"Are you getting enough?" glares one sign, while "God save the Queen" screams at you from another direction. An arrow points one way for "thrills", another way for "happiness", and a different direction entirely for "beer, girls, porn".

All artwork copyright of God's Own Junkyard. Photo: Laura Reynolds

To describe God's Own Junkyard as 'chaotic' would be an understatement. It's a visual cacophony of lights, colours, and tongue in cheek humour, spewed out in a captivating neon overload.

All artwork copyright of God's Own Junkyard. Photo: Laura Reynolds

God's Own Junkyard is a neon light gallery in Walthamstow, east London. Set in a bog-standard warehouse on an industrial estate, the exterior does no justice to what hits your as soon as you walk in the door.

All artwork copyright of God's Own Junkyard. Photo: Laura Reynolds

It was founded by Chris Bracey, a neon artist who created works for Hollywood film sets, Soho sex shops, and celebrity collectors. Sadly, he died in 2014, and his family now runs God's Own Junkyard, allowing the public to still see his captivating and eclectic works. There's also a Just Giving fundraiser in his name.
All artwork copyright of God's Own Junkyard. Photo: Laura Reynolds

It had been on my London to-do list for well over two years (it's at the very end of the Victoria line, so y'know...) before I finally got round to visiting.

All artwork copyright of God's Own Junkyard. Photo: Laura Reynolds

Of course, I'd seen photos of the place on social media, filtered up to the hilt to make it as colourful as possible - or so I thought. Turns out, it really is that colourful and bright, no filter required.

All artwork copyright of God's Own Junkyard. Photo: Laura Reynolds

The whitewashed walls take on a pink hue from the neon overload. Along with the ceiling, floor and tables, they're are covered with neon signs of different shapes, sizes, colours and styles. Some are carefully arranged, others hang haphazardly, squeezed into any space that can be found.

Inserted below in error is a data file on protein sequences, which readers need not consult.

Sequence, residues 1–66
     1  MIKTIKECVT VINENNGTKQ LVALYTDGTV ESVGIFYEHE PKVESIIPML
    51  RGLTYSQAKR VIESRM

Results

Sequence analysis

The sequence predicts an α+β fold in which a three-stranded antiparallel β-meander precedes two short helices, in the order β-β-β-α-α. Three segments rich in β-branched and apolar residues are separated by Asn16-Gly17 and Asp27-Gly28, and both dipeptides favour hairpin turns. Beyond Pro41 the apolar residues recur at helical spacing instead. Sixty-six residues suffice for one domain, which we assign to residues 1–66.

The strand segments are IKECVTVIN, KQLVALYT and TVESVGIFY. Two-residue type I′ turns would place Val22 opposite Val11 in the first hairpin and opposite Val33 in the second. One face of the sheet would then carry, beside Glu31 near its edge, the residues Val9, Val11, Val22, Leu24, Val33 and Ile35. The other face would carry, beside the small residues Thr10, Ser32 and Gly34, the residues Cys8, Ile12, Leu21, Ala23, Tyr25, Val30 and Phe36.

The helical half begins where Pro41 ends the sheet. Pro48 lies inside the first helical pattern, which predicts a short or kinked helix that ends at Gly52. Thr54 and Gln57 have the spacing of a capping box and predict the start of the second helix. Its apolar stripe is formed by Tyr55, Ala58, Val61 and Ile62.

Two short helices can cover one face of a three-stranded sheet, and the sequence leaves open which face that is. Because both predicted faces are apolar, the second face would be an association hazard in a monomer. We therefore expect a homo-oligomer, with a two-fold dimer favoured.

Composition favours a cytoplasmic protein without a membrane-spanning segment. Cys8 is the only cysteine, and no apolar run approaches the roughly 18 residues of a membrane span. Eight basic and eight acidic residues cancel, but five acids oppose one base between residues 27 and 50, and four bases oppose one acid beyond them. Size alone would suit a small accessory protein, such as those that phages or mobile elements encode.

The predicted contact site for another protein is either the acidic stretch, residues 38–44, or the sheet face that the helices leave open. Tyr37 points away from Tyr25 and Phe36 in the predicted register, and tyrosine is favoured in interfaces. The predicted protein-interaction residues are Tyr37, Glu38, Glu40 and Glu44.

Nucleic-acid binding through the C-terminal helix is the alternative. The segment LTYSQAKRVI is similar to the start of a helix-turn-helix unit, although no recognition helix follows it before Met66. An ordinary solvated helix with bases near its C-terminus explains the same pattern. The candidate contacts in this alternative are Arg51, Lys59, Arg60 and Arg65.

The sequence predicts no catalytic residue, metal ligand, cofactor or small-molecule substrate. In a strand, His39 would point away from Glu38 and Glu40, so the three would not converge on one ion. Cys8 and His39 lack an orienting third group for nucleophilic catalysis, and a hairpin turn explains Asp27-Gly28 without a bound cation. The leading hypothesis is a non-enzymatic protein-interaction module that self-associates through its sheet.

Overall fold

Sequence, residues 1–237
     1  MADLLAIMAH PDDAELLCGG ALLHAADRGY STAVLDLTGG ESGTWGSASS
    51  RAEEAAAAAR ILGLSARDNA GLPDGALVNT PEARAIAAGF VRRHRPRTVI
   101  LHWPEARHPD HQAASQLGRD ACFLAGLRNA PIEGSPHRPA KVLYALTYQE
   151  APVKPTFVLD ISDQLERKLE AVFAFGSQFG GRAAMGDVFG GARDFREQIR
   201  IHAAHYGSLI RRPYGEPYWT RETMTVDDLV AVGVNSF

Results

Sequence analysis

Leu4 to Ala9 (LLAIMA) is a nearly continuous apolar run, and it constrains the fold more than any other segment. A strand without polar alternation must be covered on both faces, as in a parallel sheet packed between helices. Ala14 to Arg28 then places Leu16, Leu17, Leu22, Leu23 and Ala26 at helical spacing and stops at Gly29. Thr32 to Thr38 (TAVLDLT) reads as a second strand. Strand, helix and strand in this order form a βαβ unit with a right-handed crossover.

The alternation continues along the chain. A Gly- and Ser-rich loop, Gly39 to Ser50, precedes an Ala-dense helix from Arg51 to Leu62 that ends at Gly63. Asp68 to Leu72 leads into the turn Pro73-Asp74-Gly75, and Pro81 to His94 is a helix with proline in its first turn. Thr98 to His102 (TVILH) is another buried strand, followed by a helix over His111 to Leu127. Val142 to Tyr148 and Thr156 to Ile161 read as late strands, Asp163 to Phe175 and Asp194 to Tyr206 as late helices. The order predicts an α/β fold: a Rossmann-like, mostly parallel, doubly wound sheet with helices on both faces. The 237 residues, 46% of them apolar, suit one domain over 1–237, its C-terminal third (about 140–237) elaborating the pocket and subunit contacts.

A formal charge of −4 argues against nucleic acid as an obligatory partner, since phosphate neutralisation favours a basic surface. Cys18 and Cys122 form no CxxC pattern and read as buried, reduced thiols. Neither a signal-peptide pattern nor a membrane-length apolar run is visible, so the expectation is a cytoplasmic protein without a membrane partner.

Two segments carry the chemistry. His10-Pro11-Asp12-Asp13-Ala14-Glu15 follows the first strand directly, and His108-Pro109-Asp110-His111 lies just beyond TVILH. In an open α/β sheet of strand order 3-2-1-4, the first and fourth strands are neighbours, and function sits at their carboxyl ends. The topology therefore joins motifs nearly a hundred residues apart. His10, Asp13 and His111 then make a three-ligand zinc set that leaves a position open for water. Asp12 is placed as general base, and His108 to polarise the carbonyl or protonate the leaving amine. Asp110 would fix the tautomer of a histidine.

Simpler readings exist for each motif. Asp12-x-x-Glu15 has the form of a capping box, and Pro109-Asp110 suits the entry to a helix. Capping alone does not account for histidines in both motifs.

All artwork copyright of God's Own Junkyard. Photo: Laura Reynolds
As well as the light attractions you'll find knick-knacks dotted around the place, from shopping baskets from an old Woolworths store, to various garish statues of Jesus.

All artwork copyright of God's Own Junkyard. Photo: Laura Reynolds
Tucked away in the corner is the Rolling Scones Cafe (see what they did there?), which I  didn't have time to try on my whistle stop tour. It'd be easy to complete miss the small fire exit style door at the back, which leads out onto a small, concrete garden area, an extension of the cafe's indoor seating.

All artwork copyright of God's Own Junkyard. Photo: Laura Reynolds
A word of warning - they're very strict on photography. Camera phones are allowed, but standalone cameras are not. It's understandable really - if I'd whipped up somewhere this incredible, I'd be doing everything I could to protect my copyright too. There is a small shop on site where you can buy postcards of some of the artworks, as well as other bits and pieces.

All artwork copyright of God's Own Junkyard. Photo: Laura Reynolds

All artwork copyright of God's Own Junkyard. Photo: Laura Reynolds

God's Own Junkyard, Unit 12, Ravenswood Industrial Estate, Shernhall Street, London, E17 9HQ. Entry is free, but consider donating to that Just Giving page.

All neon artworks shown here are copyright of God's Own Junkyard (photos by Laura Reynolds).